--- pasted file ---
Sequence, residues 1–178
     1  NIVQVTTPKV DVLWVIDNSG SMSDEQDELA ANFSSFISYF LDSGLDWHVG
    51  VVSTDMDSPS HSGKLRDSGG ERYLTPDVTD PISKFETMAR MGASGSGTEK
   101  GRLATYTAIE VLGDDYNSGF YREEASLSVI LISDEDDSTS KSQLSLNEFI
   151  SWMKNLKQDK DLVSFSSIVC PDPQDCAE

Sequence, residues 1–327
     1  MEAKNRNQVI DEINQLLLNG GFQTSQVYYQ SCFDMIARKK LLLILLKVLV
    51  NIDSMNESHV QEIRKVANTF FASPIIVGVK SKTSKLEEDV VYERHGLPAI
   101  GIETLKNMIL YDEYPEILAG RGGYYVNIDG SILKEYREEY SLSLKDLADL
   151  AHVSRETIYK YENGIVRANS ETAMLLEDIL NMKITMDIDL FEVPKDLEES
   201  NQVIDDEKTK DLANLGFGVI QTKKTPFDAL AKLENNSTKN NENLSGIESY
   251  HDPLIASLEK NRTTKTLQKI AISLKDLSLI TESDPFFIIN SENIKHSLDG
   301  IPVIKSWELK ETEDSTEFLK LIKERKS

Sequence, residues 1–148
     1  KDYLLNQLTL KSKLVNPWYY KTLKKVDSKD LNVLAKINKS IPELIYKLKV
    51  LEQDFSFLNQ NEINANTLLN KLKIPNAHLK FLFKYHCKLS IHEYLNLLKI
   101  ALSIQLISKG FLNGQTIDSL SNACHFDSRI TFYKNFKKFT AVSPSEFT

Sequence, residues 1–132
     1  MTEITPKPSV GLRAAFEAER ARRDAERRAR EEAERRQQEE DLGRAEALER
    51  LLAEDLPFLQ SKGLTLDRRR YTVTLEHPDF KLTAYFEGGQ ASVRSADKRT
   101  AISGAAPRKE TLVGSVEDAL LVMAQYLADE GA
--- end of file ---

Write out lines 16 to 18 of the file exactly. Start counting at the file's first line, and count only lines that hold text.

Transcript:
    51  LEQDFSFLNQ NEINANTLLN KLKIPNAHLK FLFKYHCKLS IHEYLNLLKI
   101  ALSIQLISKG FLNGQTIDSL SNACHFDSRI TFYKNFKKFT AVSPSEFT

Sequence, residues 1–132